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The North Island brown kiwi, Apteryx or Apteryx Mantelli australis before 2000 (and still in a few sources), is widespread in the northern two-thirds of the North Island and, with up to 35,000 remainings, is given as the most common Kiwi. Females stand up to 40 cm (16 inches) high, and the males weigh about 2.2 kg (4.9 lb) and females about 2.8 kg (6.2 lb).

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Behaviour and Ecology

In the 13th century or earlier, before the arrival of humans, the only endemic mammals of New Zealand were three species of bat, and the ecological niches in the other parts of the world were filled by creatures as diverse as wolves, horses, and mice were taken up by the birds (and, to a lesser extent, insects, reptiles, and gastropods).

Kiwi's mostly nocturnal habits can be a result of habitat intrusion by predators, including humans. In New Zealand, areas where introduced predators have been removed, such as sanctuaries, Kiwi are often seen in the times of daylight. They usually prefer subtropical and beech forests and temperate podocarp, but they are being forced to adapt to multiple habitats, such as tussock grassland, sub-alpine scrub, and the mountains. Kiwi contains a highly developed sense of smell, which is unusual in a bird, and they are the only birds with nostrils at the end of their long beaks.

Kiwi eats seeds, small invertebrates, grubs, and several varieties of worms. Also, they can eat fruit, eels, small crayfish, and amphibians. Due to this reason, their nostrils are located at the end of their long beaks; Kiwi may locate worms and insects underground with the help of their keen sense of smell, without actually feeling or seeing them.

This sense of smell is because of a highly developed olfactory chamber and the surrounding regions. It is also a common belief that Kiwi relies solely on their sense of smell to catch prey, but this has not been observed scientifically. Various lab experiments have suggested that A. australis may rely on olfaction alone, but it is not consistent under natural conditions. Instead, the Kiwi can rely on auditory and/or vibrotactile cues.

The below figure is the 1860s drawing of Apteryx, which illustrates its distinctive features, including short legs, long beaks, and claws, and dark hair-like feathers.

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Once bonded, a female and male Kiwi tend to live their entire lives as a monogamous couple. In the mating season, from June to March, the pair call to each other at night and meet in the nesting burrow every three days. These relationships can last for around 20 years. They are unusual among the other birds in that, along with a few raptors, they contain a functioning pair of ovaries. (In platypuses and in most birds, the right ovary never matures, so that only the left is given as functional). Kiwi eggs may weigh up to one-quarter compared to the weight of the female.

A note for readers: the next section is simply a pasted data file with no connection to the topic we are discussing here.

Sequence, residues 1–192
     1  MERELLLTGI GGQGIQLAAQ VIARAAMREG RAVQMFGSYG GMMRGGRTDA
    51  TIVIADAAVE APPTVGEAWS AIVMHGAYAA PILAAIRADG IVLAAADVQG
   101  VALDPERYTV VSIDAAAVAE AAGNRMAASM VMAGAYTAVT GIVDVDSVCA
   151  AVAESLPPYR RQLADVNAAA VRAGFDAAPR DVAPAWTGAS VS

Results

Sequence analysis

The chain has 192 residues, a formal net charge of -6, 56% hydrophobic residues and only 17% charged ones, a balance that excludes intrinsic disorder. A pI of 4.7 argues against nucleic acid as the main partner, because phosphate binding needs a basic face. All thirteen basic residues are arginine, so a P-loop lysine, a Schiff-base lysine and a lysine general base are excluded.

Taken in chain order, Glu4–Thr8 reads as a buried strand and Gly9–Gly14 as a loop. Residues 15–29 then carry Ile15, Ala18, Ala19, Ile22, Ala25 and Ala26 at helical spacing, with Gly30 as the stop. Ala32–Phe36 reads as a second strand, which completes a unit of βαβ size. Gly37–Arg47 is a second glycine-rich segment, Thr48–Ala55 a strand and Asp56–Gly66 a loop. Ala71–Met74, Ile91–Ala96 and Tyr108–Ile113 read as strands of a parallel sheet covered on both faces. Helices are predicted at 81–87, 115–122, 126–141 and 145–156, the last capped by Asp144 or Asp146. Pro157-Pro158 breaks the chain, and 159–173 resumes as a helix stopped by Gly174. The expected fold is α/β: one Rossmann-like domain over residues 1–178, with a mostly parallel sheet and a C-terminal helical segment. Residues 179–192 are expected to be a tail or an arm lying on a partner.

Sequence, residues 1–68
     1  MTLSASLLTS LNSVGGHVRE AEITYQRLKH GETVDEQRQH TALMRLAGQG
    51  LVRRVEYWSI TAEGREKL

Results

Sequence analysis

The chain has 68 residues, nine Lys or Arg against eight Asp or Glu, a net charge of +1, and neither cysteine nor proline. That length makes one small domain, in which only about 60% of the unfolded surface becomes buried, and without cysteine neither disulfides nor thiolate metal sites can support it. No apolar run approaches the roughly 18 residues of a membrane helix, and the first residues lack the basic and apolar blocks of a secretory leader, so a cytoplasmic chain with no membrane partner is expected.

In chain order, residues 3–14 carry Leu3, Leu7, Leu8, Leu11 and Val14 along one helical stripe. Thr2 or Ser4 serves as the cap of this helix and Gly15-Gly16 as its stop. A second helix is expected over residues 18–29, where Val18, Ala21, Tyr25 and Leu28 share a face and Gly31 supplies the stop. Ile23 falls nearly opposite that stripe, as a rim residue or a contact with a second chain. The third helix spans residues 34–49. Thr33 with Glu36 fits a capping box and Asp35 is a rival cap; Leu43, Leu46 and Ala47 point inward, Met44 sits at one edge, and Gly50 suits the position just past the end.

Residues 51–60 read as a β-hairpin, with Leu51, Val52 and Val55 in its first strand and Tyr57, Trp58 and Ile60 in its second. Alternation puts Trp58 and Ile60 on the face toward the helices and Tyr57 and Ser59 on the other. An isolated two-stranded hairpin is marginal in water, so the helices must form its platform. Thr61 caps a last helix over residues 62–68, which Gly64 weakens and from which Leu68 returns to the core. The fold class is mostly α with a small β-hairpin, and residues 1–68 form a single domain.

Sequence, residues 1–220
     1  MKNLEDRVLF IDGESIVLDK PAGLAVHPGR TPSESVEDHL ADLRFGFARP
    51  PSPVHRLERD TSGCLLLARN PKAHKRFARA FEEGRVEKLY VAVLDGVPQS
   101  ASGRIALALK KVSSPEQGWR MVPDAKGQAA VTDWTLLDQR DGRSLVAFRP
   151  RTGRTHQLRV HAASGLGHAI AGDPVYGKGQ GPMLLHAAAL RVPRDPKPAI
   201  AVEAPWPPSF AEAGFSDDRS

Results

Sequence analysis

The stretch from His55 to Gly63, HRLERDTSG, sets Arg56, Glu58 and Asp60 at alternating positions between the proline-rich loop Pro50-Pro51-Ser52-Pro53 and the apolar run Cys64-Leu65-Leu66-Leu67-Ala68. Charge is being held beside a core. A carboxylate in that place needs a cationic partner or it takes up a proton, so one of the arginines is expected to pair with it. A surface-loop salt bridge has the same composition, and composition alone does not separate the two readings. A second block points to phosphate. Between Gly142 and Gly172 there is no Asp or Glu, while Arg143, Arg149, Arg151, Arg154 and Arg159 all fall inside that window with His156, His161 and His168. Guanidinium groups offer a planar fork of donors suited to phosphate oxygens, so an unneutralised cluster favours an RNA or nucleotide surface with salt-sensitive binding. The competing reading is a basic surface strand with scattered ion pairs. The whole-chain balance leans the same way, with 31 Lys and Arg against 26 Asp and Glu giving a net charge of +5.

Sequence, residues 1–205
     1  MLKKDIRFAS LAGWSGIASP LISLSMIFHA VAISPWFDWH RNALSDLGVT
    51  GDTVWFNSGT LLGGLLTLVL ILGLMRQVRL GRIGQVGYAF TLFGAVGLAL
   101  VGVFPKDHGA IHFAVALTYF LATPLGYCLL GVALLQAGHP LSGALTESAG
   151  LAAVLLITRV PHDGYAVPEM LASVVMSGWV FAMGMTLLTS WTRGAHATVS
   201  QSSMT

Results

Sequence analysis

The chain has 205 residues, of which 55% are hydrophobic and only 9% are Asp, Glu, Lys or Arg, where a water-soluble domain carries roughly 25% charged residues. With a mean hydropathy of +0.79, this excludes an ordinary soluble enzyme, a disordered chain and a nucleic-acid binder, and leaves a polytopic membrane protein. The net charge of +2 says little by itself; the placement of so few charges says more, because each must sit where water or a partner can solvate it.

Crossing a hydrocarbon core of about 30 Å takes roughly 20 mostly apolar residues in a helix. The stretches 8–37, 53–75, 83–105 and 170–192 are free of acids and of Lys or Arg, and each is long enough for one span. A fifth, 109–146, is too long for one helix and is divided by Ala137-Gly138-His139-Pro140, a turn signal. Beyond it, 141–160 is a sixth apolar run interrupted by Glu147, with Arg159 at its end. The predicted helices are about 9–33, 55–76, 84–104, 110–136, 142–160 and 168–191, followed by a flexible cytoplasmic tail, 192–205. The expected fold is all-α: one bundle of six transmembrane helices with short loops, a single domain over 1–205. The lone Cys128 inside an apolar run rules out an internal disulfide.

Usually, just one egg is laid per one season. Kiwi lays one of the largest eggs in proportion to the size of any bird across the world, so even though the Kiwi is up to the size of a domestic chicken, it can be able to lay eggs, which are about six times the size of chicken's egg. These eggs are smooth in texture, and they are greenish-white (white kiwi bird) or ivory. The male usually incubates the egg, except for the great spotted Kiwi, A. haastii, where both parents are involved.

The incubation period is given as 63–92 days. Producing the huge egg places significant physiological stress on the female; it takes thirty days to grow the fully developed egg, the female should eat three times her normal food amount. Either two to three days prior to the egg being laid, there is little space left inside the female for its stomach, and it is forced to fast.

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FAQs on Kiwi Bird

1. Give Some Facts About the Cute Kiwi Bird?

Answer: An average of 27 kiwis are killed by predators in a week. That is a population decline of up to 1,400 kiwis for every single year (or 2%). At this rate, Kiwi can disappear from the mainland in a human lifetime. Just a hundred years ago, the Kiwi was numbered in the millions.

A single roaming dog may wipe out an entire kiwi population in a matter of days. Nearly 20% of the kiwi population is under management.

2. What is So Unusual About the Kiwi Bird?

Answer: Cute kiwi bird is flightless, and their Latin species name is Apteryx that means wingless. And, they belong to an ancient group of birds, which cannot fly - the ratites. Due to the reason, they cannot fly, how they arrived in New Zealand is not very clear. There are other reasons on whether kiwi can fly or not.

Kiwi habits and physical characteristics are like a mammal; the bird is at times called an honorary mammal. It contains feathers like nostrils, hair at the end of its beak, and an enormous egg.

3. Why Was the Kiwi Said to be the National Bird of New Zealand?

Answer: Kiwis are flightless birds, which are native to the New Zealand region. It means they are found only in New Zealand and nowhere else on the Earth. Because of this, they have honoured these unique birds.

An essential point that should have been decisive in choosing Kiwi as the National Bird over some more birds of NZ is that even being a bird, it can't fly, which differentiates it from all other birds.

Every country is diverse in terms of the fauna and flora based on the relief features it has, so it is better to let the whole world know about what the specific country has as its endemic bird.

In addition to this, it creates awareness in fellow citizens. So, as to not let that unique bird vanish from Earth and thus protect them if it's an endangered one.

4. Why is Kiwi Considered a Bird?

Answer: Based on various researches, a kiwi is any of five species of kiwi flightless birds that belong to the genus Apteryx and are found in New Zealand. Also, it refers to the fact that it is related to the extinct moa that was flightless.